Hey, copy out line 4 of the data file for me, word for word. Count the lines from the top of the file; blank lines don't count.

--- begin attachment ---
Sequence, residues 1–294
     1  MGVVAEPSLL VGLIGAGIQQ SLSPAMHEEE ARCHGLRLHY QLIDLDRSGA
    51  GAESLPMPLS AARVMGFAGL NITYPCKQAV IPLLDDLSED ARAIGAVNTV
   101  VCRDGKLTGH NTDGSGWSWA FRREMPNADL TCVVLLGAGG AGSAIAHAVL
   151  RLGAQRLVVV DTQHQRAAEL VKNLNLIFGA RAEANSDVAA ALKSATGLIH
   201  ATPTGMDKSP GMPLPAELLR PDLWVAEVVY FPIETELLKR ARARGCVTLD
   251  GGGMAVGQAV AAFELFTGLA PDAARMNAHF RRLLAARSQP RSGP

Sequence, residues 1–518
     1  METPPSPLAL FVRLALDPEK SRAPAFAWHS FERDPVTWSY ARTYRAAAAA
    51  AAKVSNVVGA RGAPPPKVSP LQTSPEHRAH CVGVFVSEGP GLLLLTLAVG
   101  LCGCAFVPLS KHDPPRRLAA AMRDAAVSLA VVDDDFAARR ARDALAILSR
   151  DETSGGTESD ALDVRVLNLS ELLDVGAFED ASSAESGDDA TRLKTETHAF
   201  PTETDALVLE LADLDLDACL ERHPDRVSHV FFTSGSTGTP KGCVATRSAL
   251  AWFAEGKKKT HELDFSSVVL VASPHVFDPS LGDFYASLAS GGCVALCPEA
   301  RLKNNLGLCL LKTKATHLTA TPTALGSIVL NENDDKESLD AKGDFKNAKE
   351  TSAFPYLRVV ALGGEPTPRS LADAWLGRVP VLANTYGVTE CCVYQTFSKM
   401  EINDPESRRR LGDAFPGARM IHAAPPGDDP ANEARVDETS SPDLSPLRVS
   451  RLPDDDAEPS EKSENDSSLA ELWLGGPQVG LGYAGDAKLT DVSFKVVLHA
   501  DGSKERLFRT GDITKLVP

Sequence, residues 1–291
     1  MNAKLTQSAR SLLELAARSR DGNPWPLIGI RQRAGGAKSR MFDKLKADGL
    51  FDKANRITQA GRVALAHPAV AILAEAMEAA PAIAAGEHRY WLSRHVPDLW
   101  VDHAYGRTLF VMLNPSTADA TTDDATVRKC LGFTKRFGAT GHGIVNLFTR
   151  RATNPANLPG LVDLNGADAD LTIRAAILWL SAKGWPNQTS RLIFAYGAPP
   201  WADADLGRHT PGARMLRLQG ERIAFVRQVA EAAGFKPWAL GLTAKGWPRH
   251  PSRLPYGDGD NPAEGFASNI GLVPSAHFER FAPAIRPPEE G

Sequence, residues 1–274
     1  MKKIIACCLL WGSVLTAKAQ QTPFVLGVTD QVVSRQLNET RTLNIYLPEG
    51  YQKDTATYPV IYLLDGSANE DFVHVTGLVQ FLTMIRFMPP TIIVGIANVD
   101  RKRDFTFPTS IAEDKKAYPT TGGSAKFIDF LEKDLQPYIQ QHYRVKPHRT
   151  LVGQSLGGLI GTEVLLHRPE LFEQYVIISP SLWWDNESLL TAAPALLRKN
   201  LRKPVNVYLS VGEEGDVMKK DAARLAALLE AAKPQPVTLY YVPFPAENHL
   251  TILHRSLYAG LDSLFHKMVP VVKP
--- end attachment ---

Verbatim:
   101  VCRDGKLTGH NTDGSGWSWA FRREMPNADL TCVVLLGAGG AGSAIAHAVL